Last month, the Audiovisual Collections & Digital Initiatives Department added a new collection to its digital archive. The new collection, ‘Women's Handicraft in the 19th Century’ includes materials from the library’s holdings that document 19th century American women's participation in household handicrafts, such as cross-stitching, embroidery, knitting, lace-making, millinery, textile crafts, and other domestic arts. It was commonly expected that women of various social classes would take up such crafts as part of their domestic duties, particularly needlework, a skill most of them began training in as young girls.
Some contemporary feminist critics considered this work to be a frivolous use of women's time and a waste of their intellectual capacity. In Mary Wollstonecraft's A Vindication of the Rights of Woman, for example, Wollstonecraft argued that while men “order their clothes to be made, and have done with the subject; women make their own clothes, necessary or ornamental, and are continually talking about them; and their thoughts follow their hands,” thus limiting the potential of young girls by stifling their minds and instilling an obsession with ornament over matters of importance.
For other women, however, such work provided rare opportunities. Recent scholarship on the topic reveals that household crafts and handiwork could offer outlets for artistic self-expression and personal interests, provided women with opportunities to take part in social and commercial opportunities outside of the home, served as a means of increasing women’s social influence and offered a way to commemorate valued emotional bonds.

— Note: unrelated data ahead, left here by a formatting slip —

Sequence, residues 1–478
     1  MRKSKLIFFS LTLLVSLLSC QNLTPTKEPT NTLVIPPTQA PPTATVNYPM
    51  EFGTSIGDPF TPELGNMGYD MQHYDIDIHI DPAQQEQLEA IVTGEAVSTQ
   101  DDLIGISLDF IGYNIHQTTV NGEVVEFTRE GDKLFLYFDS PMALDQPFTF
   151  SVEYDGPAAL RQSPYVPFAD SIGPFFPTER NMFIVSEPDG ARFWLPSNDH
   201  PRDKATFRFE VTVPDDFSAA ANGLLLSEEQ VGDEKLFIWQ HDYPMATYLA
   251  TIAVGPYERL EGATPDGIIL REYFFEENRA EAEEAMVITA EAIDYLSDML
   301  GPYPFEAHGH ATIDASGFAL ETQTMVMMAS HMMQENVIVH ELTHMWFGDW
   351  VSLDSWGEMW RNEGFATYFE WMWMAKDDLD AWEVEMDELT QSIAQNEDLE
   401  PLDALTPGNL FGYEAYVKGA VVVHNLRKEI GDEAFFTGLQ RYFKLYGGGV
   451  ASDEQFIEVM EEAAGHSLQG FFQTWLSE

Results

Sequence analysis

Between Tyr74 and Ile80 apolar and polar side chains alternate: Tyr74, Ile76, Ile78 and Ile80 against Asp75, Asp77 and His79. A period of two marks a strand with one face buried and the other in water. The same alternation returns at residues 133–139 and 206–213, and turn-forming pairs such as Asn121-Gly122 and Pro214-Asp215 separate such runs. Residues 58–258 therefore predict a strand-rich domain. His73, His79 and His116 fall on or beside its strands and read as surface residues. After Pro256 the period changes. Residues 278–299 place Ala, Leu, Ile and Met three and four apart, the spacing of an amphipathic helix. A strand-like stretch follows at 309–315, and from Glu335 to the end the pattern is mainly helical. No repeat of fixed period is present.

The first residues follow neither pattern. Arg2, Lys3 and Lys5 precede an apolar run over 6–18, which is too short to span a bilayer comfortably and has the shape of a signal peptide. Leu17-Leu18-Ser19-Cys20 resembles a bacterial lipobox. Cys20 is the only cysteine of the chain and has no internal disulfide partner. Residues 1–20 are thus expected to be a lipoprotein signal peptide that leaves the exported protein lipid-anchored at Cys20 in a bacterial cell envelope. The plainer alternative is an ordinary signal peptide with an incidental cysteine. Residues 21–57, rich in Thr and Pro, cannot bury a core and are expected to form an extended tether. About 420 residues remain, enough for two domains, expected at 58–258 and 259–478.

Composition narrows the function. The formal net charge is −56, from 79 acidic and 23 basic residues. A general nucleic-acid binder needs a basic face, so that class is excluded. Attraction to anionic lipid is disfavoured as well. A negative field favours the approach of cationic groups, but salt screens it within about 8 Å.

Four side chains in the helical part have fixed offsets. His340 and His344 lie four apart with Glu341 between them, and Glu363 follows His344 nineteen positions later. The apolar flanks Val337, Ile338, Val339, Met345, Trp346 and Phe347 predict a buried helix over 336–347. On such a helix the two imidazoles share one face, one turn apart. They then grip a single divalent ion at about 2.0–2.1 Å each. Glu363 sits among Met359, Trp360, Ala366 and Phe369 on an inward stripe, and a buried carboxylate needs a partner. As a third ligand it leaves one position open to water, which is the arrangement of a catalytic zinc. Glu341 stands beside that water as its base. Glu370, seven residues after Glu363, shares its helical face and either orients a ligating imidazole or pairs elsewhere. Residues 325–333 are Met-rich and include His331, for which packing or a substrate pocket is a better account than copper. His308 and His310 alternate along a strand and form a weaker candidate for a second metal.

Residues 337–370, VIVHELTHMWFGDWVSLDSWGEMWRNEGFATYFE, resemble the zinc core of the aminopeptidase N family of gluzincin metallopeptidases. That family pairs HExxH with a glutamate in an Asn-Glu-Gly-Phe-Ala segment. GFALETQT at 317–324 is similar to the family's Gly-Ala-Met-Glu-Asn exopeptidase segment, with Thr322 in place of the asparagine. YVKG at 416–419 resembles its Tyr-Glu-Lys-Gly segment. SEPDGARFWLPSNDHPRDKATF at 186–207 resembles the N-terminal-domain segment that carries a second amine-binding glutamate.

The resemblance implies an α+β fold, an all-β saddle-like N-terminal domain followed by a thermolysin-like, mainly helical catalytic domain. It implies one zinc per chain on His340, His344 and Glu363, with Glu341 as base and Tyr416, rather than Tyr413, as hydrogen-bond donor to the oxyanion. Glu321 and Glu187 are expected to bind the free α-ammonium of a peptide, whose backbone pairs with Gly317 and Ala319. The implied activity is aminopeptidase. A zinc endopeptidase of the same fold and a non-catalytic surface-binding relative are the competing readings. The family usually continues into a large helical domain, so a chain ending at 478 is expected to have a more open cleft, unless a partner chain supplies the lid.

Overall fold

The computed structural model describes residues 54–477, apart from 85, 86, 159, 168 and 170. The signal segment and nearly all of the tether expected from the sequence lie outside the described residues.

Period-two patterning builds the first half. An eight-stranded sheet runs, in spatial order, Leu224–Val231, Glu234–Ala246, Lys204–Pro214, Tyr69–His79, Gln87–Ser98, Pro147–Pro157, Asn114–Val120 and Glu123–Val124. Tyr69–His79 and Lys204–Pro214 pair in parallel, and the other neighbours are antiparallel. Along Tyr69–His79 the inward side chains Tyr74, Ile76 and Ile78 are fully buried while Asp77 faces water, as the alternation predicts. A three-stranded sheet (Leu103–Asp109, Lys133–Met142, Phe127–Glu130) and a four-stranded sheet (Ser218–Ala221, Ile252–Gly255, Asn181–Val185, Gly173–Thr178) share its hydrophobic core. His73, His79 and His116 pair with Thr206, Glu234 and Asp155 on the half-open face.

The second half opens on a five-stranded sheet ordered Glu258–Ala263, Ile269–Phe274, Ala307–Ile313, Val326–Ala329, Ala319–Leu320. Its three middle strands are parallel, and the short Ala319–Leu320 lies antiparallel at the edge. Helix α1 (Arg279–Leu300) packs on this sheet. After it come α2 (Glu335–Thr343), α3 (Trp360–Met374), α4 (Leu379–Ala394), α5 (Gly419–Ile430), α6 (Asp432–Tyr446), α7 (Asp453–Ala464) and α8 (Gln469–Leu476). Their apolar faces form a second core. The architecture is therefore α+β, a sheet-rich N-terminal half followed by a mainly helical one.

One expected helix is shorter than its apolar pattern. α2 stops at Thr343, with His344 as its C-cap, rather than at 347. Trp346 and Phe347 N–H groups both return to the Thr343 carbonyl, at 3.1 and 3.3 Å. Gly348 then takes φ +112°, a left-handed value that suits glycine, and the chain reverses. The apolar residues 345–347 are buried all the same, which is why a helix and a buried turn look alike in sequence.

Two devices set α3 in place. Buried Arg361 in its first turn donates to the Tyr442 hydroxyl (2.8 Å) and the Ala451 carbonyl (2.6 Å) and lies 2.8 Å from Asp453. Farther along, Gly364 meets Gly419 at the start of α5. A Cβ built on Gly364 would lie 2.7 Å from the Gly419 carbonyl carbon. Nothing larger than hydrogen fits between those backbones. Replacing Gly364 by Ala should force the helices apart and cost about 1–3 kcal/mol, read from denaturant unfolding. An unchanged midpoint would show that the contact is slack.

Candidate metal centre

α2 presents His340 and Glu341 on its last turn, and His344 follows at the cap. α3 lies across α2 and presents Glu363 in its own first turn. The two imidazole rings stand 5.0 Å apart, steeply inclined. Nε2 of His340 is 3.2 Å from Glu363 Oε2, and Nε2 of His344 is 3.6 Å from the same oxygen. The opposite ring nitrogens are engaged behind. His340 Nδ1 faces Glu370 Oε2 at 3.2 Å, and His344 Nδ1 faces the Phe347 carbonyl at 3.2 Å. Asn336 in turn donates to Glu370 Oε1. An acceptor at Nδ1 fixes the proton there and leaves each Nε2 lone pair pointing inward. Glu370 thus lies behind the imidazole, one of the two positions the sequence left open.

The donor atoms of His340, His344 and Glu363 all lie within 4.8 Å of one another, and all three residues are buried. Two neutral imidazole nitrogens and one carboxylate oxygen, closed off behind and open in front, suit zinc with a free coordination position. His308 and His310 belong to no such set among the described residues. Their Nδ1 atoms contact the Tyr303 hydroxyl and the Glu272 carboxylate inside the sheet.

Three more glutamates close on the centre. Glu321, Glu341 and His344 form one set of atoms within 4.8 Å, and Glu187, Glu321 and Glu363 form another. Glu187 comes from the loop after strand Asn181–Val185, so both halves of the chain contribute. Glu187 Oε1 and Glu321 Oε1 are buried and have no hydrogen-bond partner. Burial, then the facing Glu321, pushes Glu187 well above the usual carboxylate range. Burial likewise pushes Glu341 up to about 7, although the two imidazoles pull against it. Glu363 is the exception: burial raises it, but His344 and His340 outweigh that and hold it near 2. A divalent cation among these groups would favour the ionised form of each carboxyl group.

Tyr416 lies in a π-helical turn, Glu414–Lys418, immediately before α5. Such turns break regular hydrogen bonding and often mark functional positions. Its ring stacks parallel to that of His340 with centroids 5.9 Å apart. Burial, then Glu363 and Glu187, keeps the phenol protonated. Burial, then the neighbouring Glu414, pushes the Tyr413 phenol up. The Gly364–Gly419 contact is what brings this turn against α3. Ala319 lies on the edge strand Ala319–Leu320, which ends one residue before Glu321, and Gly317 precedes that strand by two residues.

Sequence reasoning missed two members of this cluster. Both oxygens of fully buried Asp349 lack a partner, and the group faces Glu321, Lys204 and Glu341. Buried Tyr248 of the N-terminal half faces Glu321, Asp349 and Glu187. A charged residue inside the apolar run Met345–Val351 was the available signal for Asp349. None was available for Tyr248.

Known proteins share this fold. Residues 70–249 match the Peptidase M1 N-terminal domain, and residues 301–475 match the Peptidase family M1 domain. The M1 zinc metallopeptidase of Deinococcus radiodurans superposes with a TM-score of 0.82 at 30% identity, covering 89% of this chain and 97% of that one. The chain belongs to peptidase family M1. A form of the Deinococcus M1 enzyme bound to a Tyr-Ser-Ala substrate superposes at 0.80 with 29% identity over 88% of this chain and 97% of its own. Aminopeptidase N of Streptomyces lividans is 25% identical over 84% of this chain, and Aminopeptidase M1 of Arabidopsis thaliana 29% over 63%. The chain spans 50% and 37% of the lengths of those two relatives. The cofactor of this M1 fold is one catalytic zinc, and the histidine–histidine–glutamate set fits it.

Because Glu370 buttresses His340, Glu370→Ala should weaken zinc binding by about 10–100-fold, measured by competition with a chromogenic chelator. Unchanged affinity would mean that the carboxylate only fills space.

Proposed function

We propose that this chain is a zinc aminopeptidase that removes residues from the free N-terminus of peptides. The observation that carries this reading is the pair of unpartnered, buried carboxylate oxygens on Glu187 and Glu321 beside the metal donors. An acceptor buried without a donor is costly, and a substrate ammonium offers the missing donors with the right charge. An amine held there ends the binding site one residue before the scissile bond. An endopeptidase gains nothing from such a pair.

Patterns created by the women of the du Pont family devoted their designs to family names and monograms, as well as a large number of hand-drawn floral and other plant form patterns that would have been found in their estates’ celebrated gardens.
Women's handiwork also offered economic opportunity through the creation of personal property with real monetary value. Unlike real estate, which was typically passed through lines of male inheritance, household textiles were legally classified as ‘movables,’ and were handed down from mother to daughter. The value of such goods could be considerable.
In Laurel Thatcher Ulrich’s The Age of Homespun: Objects and Stories in the Creation of an American Myth, Ulrich documents the appraisal of the Pynchon family’s estate, finding that, while John Pynchon’s cupboards containing the family’s textiles was valued at three pounds, the bedding and linens within were valued to more than thirteen pounds. Likewise, a single embroidered napkin in his wife’s hand was assessed at three shillings, while most of his land was valued at a rate of four shillings per acre.
These handicrafts also created an industry to meet the commercial needs of women who wanted to purchase patterns, instructions, and the materials needed to create fancywork and other textile crafts. Within this industry, unique opportunities existed for entrepreneurial women not found in most commercial sectors. Many of the items shown here bear the names of women who leveraged gendered expectations of household handicrafts into occupations as pattern designers, authors, publishers, and embroidery shop owners.
This new online resource offers opportunities for scholars of women’s history, increases the visibility of the du Pont women and women entrepreneurs in the Hagley Library’s digital collections, and may serve a final purpose for those with an interest in women’s handicrafts. Many of the items in this collection were chosen with the generous assistance of the Hagley Museum & Library’s dedicated volunteers in the Handwork Group, who hope to resurrect their use for future projects!
Skylar Harris is the Digitization and Metadata Coordinator at Hagley Museum and Library.